Now you begin to scrutinize every little thing you do in the studio – where you place a mic on an acoustic guitar, how you select gear, or your workflow for making a record in general. I do this all the time, and not with just making records, I catch myself doing this as it relates to all kinds of different daily routines.

The latest is with my mixing workflow. Lately, I’ve been catching a few discussions on blogs about the best way to approach building a mix. I recently found myself trying a couple of these techniques for starting and building a mix. And boy, did I make it hard for myself – this specific advise was not working!

That’s when the lightbulb went off. I asked myself, “Why am I doing this?” There was nothing wrong with the workflow I had been using before. It actually served me quite well. But for some strange reason, I too often get in my head that I need to try something else, just because I happened to read about it a couple days prior.

Making records is a daily learning experience. But there are also a lot of instances when you need to recognize that you already know something, and move on. If you have a technique for accomplishing something that works really well, don’t abandon that approach just because someone else came up with another method.

Record like you record, not someone else. It’s easy to get sucked into the notion that the way someone else does it is better than the way you do it, just because.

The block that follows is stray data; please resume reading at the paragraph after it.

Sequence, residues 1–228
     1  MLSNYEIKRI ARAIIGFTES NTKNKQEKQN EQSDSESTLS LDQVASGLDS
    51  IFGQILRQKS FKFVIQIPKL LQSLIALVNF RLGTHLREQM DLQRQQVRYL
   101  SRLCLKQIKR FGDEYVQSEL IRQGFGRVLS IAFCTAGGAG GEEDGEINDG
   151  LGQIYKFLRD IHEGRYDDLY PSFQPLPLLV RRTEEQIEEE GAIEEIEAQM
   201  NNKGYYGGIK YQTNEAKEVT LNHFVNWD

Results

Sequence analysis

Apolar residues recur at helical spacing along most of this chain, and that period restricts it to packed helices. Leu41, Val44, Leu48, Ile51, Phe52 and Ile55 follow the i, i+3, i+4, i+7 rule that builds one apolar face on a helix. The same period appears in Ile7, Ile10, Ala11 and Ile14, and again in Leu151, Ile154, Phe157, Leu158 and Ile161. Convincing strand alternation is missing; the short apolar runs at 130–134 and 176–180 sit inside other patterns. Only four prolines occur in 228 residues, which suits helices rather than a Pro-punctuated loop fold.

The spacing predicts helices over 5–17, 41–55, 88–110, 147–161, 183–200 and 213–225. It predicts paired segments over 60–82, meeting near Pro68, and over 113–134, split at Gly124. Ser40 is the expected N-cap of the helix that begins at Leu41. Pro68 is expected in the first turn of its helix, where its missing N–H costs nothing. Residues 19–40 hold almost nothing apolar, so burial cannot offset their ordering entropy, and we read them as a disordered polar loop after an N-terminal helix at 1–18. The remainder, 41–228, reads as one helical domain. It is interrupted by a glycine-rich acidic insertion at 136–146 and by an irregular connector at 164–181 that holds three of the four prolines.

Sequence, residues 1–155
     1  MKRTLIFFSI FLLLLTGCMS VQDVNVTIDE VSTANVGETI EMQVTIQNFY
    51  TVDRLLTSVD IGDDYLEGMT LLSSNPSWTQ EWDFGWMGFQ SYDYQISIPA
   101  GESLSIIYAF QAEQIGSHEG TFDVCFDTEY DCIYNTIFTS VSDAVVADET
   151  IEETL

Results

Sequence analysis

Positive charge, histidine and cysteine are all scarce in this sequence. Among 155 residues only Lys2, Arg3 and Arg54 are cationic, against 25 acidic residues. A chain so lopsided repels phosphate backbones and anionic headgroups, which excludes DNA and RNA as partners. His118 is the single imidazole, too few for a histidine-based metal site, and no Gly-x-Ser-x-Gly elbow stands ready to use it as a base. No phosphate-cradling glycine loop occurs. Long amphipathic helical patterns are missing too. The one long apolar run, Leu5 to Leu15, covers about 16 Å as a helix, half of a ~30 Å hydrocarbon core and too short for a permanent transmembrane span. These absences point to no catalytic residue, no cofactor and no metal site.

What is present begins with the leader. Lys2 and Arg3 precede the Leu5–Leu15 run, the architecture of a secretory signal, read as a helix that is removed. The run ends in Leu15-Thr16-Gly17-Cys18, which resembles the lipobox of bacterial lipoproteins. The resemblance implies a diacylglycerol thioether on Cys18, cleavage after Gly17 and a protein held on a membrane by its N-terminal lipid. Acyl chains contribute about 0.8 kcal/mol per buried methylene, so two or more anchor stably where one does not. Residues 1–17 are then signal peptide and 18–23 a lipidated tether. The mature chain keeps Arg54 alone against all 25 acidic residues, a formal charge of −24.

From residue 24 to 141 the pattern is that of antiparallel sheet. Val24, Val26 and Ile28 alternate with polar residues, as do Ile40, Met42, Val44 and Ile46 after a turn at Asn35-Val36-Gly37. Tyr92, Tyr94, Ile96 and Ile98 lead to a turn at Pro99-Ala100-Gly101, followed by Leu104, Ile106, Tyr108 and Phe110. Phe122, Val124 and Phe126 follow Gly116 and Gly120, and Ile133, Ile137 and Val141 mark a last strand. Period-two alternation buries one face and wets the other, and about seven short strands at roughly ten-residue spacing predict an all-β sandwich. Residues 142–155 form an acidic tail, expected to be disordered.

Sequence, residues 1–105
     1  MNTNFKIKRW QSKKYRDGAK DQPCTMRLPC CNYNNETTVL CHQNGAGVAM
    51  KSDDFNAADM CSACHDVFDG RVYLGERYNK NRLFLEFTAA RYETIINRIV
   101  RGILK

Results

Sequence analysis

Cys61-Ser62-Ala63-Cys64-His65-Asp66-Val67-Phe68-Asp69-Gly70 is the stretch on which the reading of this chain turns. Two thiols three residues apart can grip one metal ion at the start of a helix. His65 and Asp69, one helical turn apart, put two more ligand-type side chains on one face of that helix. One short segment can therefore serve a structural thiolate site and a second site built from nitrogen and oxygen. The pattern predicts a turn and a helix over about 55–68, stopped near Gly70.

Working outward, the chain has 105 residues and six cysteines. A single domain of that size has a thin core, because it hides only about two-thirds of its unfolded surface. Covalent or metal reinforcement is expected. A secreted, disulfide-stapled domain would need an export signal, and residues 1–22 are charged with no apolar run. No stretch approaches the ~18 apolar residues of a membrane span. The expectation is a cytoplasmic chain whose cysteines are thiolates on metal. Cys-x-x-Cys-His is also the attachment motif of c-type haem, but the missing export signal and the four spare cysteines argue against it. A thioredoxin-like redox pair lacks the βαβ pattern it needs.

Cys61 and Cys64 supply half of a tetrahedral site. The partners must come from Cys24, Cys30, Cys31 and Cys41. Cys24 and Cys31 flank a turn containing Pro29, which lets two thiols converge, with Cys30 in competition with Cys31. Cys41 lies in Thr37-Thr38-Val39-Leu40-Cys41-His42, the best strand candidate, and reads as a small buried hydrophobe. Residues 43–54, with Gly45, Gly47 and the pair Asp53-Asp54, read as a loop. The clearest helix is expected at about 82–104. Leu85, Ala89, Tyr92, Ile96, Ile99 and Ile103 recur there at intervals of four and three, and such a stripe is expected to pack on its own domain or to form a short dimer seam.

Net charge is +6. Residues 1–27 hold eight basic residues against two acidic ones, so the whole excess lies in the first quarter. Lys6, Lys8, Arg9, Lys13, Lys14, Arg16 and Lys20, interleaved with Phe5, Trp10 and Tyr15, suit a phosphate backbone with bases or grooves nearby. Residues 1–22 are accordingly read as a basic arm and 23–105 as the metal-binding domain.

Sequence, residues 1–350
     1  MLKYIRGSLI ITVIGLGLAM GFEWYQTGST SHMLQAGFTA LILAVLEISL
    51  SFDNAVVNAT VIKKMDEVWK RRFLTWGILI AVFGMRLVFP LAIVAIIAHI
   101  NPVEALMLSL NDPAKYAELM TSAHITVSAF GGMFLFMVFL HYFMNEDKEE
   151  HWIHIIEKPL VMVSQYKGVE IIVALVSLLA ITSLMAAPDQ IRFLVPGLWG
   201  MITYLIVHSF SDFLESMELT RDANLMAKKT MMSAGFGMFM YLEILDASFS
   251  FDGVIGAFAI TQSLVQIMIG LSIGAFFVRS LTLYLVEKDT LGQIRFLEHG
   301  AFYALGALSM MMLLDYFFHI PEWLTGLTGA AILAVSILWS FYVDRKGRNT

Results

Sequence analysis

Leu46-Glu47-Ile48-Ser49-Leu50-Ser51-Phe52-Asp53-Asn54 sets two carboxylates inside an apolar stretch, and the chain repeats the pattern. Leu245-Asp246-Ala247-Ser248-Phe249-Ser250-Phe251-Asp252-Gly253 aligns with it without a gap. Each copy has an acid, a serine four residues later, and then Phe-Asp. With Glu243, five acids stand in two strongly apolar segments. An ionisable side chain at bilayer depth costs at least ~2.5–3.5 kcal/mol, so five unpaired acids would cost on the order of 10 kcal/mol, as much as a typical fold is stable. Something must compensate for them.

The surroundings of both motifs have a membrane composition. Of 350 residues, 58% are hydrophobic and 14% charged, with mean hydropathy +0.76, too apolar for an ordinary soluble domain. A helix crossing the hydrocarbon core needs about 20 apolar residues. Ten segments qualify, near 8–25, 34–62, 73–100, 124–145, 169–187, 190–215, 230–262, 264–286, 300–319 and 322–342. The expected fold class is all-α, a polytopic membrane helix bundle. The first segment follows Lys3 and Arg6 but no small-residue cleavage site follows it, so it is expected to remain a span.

If you build great mixes by starting with the drums, then stick with that.

If an EQ inserted before a compressor typically sounds best to you, then it is best.

When trying out new methods, if the new technique does not seem to improve your workflow fairly quickly, then that’s probably your indication that you should stick with your current way of doing things.

Yeah, there’s times when you can learn a better way to do it. But there’s also times when you need to be confident that the technique you already use is sufficient. To do it any other way is not necessarily an improvement (and it could make things worse).

Ever heard the expression, “If it ain’t broke, don’t fix it”?

Twitter: @stsn

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Posted on 28-09-2011
Filed Under (producing and engineering) by Jon Stinson

It will be easier when you graduate college and get an internship at a recording studio.

It will be easier when you complete your internship, and get a job at the recording studio.

It will be easier when you have a lot of label connections, and can get consistent work through them.

It will be easier when you’re able to work with a world-famous artist, who sells a million records.